Yeah, I'm not always a fan of their practices, but they sell everything. And if you buy through them from this site, I get a few pennies to kick back to keep everything going.
The Captain's site is another great source for grey-market area movies, tv and radio shows. It was created in order to offer movie buffs and collectors a single source for hard-to-find video cassettes, collectibles, and other nostalgia-related items not generally available through traditional or retail outlets. The good Captain operates exclusively as a mail order business , out of Alabama, and orders are accepted by phone, mail, e-mail, or fax. And they also offer "the world's most unique catalog."
These guys specialize in classic 1950s vintage TV shows. You can even watch some sample TV show clips right away on your computer screen using the free VivoActive Streaming Video Player, or you can download the QuickTime versions for viewing offline later. In 1992, they began The TV Connection, a voicemail BBS for collectors of all types of TV shows, where members canmeet and swap programs from their respective video libraries. So, if Shokus (or anyone else) doesn't have what you want, The TV Connection might be the way to go.
These guys are still around? Big, shiny, and geared toward new shows and theatrical releases. I'm not sure how good their back catalog is, though, but in a world of streaming, you've got to admire their gumption.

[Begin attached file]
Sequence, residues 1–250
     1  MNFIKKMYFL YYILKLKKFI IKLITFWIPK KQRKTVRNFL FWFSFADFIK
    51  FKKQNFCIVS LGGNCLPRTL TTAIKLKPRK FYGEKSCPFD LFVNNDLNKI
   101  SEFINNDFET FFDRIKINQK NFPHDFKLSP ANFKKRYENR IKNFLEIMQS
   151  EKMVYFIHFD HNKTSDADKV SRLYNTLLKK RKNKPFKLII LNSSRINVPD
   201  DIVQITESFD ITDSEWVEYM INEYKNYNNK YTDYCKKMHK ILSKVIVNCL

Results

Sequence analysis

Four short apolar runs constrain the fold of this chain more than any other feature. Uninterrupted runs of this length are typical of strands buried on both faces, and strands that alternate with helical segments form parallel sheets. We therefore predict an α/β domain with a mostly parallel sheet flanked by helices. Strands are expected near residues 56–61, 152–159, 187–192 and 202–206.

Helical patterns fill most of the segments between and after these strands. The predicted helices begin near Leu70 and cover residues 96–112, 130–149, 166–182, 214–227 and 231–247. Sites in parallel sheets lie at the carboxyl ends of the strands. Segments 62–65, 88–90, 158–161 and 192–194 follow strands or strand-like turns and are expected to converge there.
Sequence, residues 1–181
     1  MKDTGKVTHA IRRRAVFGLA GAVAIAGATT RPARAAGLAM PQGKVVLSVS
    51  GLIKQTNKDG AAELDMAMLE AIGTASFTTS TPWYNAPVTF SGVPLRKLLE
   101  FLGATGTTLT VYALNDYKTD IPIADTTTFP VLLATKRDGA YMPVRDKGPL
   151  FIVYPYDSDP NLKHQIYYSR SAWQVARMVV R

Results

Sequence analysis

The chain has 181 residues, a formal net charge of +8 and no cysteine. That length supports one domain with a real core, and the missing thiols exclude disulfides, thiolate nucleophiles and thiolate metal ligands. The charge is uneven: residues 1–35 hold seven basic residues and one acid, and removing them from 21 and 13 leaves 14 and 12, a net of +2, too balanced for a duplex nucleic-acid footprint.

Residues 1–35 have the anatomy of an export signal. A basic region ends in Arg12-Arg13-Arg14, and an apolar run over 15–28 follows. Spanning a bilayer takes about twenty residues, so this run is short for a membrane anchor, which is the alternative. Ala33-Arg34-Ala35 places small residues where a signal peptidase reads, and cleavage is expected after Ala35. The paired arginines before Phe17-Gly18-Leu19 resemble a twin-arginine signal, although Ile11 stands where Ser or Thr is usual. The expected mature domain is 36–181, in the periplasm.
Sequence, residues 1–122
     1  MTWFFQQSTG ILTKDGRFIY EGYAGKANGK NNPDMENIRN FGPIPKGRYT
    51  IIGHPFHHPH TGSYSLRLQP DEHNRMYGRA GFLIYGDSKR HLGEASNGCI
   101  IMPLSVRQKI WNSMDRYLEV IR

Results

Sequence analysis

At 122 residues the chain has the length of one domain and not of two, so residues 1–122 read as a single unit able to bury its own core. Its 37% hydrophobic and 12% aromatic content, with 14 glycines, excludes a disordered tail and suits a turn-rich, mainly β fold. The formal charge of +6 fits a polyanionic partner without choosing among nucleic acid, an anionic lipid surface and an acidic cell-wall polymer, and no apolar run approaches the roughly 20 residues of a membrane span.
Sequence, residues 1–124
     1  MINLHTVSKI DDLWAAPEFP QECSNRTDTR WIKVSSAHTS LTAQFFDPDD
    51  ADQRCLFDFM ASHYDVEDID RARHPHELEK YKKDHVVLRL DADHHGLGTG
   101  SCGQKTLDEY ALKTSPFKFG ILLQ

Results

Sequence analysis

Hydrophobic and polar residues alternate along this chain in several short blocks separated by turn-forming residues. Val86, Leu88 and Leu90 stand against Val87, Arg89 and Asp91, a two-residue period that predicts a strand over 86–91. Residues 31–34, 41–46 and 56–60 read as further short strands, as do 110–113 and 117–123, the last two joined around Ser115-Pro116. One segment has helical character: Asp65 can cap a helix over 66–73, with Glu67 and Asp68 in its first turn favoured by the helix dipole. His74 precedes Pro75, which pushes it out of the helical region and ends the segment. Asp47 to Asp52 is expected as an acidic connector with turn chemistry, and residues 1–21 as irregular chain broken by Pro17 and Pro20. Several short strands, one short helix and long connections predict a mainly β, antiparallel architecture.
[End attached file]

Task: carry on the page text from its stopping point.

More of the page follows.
Part of Ronnie Cramer's extensive, amazing Cult Film Site. Perfect spot to find those long-lost treasures on video you just can't find anywhere else. Includes brief synopses, and other good stuff. WARNING: This site is addictive! They sell plenty of stuff you just can't find elsewhere. Among their offerings are such rarites as City Streets, Hammett's only screenplay, and The Case of the Babysitter. Also episodes of TV shows such as Bourbon Street Beat, Surfide Six and Martin Kane, Private Eye, among others.
This company has a truly large collection of offbeat videos: foreign, silent, B-films, classic American, experimental, independent, fine arts...you name it, they probably have at least heard of it. They even offered rentals, by mail, before anyone had ever heard of Netflix.
"'Guaranteed worst movies in town!' is the gleeful cry of this house of alternatives for the psychotronically inclined, but conservatives are also invited to peruse VV's fine compilation of American classics." So says Leonard Maltin of the Alexandria, Virginia-based Video Vault, yet another, pre-Netflix, rent-by-mail place. Alas, they've run out of catalogues, and their web site is embarrassingly skimpy. Bummer. Especially since it sounds like they might have some totally great stuff.
TV themes and songs from almost 30,000 different television shows. Listen to them all in MP3 format.